"Not this one."
"So it's already set apart. That sounds really interesting. I don't know if I'm really in Star Island garb."
"I think it's probably just, you know, casual," you say.
"I guess so. With Heineken, too, it's not going to be a black-tie affair."
He says he feels "kind of an obligation to go as a Heineken drinker. I'm game."
"You gotta help uplift the brand, you know."
"Yeah, I want to do that, I've been wanting to do that for a while. Okay, that sounds great."
When you arrive at 5 Star Island about 10:00 p.m., Kravitz security personnel have set a draconian tone at the entrance gate, but you enter the compound without incident. Local entertainment media line a red carpet just inside, anxiously awaiting the arrival of celebrity guests expected to include Kravitz, a guy named Mario from American Idol, and some chick named Sara Foster.
You meander across a huge quadrangle of red brick that narrows alongside the mansion and leads to a three-level terrace overlooking Biscayne Bay. Bartenders are bustling around three bars -- one on the top level of the terrace, one on the middle level, and one by the swimming pool near the water's edge -- but not quite ready to serve. So you wander about and study the décor. Black pillows with a stylishly embroidered red star and Heineken logo adorn a bedlike sofa on one side of the pool. Opposite, the star and logo are fuzzily projected onto a tall wall covered in ivy, and a green light resembling a Heineken bottle illuminates the trunks of palm trees. Like the bottoms of beer bottles, green flood lights pound into your eyes.
The documentarian arrives, the bars open, and the waiters begin circulating, loaded with trays of Heineken. You nab one. The bar is offering glasses of Ste. Michelle champagne, but no hard liquor.
"Whose house is this?" the documentarian asks.
"I think it's Thomas Kramer's," you say.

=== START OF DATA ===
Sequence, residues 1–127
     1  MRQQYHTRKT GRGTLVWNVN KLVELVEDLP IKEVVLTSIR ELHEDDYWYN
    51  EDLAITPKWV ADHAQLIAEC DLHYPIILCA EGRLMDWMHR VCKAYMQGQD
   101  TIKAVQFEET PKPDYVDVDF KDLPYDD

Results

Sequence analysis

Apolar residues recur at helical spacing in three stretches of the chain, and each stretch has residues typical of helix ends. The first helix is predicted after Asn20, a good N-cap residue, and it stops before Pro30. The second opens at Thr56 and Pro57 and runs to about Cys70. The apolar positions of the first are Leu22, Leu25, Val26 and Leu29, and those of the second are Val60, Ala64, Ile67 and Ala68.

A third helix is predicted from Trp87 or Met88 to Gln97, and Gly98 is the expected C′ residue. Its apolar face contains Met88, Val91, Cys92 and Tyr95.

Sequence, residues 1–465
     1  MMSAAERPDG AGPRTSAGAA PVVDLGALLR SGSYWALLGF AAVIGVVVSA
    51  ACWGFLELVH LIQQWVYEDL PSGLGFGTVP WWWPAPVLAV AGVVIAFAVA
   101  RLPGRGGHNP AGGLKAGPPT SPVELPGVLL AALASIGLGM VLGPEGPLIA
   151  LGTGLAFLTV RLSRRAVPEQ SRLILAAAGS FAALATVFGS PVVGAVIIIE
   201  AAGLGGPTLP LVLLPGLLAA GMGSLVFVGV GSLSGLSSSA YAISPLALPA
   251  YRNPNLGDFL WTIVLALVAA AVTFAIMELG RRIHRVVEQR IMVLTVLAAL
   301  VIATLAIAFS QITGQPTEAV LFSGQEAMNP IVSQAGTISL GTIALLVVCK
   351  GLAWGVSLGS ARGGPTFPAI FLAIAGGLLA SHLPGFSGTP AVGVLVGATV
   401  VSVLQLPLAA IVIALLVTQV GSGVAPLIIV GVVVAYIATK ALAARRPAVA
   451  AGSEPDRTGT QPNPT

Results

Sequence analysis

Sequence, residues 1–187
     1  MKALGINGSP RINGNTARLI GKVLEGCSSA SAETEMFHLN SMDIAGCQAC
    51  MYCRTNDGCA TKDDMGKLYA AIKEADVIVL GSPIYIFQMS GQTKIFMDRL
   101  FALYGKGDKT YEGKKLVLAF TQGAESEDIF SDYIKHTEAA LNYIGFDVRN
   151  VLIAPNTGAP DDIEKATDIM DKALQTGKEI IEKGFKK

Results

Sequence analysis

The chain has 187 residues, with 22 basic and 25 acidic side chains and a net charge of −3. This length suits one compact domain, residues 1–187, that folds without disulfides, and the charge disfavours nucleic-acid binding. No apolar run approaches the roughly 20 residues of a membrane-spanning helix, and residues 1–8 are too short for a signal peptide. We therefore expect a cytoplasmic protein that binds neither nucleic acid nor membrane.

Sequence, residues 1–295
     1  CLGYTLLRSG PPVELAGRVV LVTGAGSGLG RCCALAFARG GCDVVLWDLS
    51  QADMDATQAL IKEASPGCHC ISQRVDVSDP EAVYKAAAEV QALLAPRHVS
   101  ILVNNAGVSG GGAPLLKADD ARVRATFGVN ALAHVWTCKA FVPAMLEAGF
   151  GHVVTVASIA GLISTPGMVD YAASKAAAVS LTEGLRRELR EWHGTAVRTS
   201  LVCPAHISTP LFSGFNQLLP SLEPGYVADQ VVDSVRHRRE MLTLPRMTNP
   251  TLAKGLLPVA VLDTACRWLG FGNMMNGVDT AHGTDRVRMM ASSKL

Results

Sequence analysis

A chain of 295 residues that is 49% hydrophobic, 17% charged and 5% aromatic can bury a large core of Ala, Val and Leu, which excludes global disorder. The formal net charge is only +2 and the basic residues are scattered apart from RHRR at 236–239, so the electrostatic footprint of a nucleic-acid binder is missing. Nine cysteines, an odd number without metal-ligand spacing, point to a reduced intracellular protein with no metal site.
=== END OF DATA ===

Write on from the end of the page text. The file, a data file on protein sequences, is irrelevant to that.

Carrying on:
"It doesn't seem evil enough to be Thomas Kramer's," he replies, familiar with the German developer's reputation for bringing Portofino Tower and various petty assault incidents to South Beach in the Nineties.
You're checking out a large champagne bottle in a glass case on a black pedestal alongside the house when the documentarian encounters an acquaintance, a frisky male Ford model wearing a green basketball jersey. He boasts he just arrived with a busload of babes from the agency. The documentarian notifies him he's at a Heineken promotion.
"What? I don't give a fuck about Heineken!" the male model declares. He becomes even more despondent when he learns there is no hard liquor. "I can't get drunk on Heineken! " he exclaims. "I can't even get drunk doing bong hits with Heineken!"
You've consumed two beers, gotten sleepy, and thus shifted to champagne by the time the MG arrives with two babes at 12:05 a.m. "I Wonder if I Take You Home" by Lisa Lisa & Cult Jam echoes mournfully off the mansion and patio walls, and he is thrilled. "I'm never leaving!" he shouts. "I'm going to chain myself to the seawall!"
The bay breeze is delicious, models are dancing to loud pulsating music, you continue to pound Ste. M, and the green flood lights continue to pound your eyes.
"This is a very New York crowd," Gigi Ganatra, Terra Group's vice president of marketing, informs you. Michael Mann and Jamie Foxx are supposedly somewhere. Kravitz appears for about ten minutes.
At 2:40 a.m. you're outside the gate with about 50 other people awaiting the return of their vehicles. The male model in the green basketball jersey is there whooping it up. With a bottle of Heineken. Cool!
At 3:10 a.m. a valet pulls up in your fourteen-year-old SUV. You climb in and hand him two bucks. "Sir, it's five dollars," he says sternly. Mandatory paid valet service. Uncool!
Thursday: It's already 7:30 p.m. when you rush out of the office. You have to get over to Casa Casuarina (née Versace mansion) for the inaugural Miami Beach Arena Polo World Cup kick-off reception. You plan to stop by the Cuervo & Ginger Ale Clubhouse on Collins Avenue and slam a free tequila first, but it's closed, so you make your way to Ocean and Eleventh.
You meet resistance from security on the infamous Casa Casuarina steps, but a female PR expert facilitates entry and then disappears into the party. A small bar on the front terrace catches your eye.
"What's in the silvery bottle?" you ask, nodding at one in an icy steel cylinder.
"Level vodka," the bartender replies.
A pool of anxiety forms in your stomach as you experience a flashback. You renounced the evil spirit one year ago after consuming an untold number of vodka-somethings and "misplaced" your car. The next day you decided to lay off the hard stuff for a while.
But that was then, and now you spy some cans of Red Bull. So you order a Level and Red Bull. You're enjoying this refreshing beverage as Reto G. Gaudenzi, managing director of Casa Casuarina and former captain of the Swiss polo team, takes a microphone and extends a warm welcome to partygoers before introducing a covey of luminaries: Swiss watch executives, local jewelry magnates, real-estate moguls, and a caviar dealer resembling William F. Buckley. In a word, tastemakers. As must be you.